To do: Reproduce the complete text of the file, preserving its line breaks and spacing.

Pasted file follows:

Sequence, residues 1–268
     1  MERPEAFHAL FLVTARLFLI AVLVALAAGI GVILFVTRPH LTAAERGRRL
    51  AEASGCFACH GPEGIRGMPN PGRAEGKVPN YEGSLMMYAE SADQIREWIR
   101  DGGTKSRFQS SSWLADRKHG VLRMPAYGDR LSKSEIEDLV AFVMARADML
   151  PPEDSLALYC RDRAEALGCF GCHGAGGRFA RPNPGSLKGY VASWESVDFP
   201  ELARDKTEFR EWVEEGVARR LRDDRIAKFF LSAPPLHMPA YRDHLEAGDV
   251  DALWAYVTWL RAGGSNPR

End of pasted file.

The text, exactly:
Sequence, residues 1–268
     1  MERPEAFHAL FLVTARLFLI AVLVALAAGI GVILFVTRPH LTAAERGRRL
    51  AEASGCFACH GPEGIRGMPN PGRAEGKVPN YEGSLMMYAE SADQIREWIR
   101  DGGTKSRFQS SSWLADRKHG VLRMPAYGDR LSKSEIEDLV AFVMARADML
   151  PPEDSLALYC RDRAEALGCF GCHGAGGRFA RPNPGSLKGY VASWESVDFP
   201  ELARDKTEFR EWVEEGVARR LRDDRIAKFF LSAPPLHMPA YRDHLEAGDV
   251  DALWAYVTWL RAGGSNPR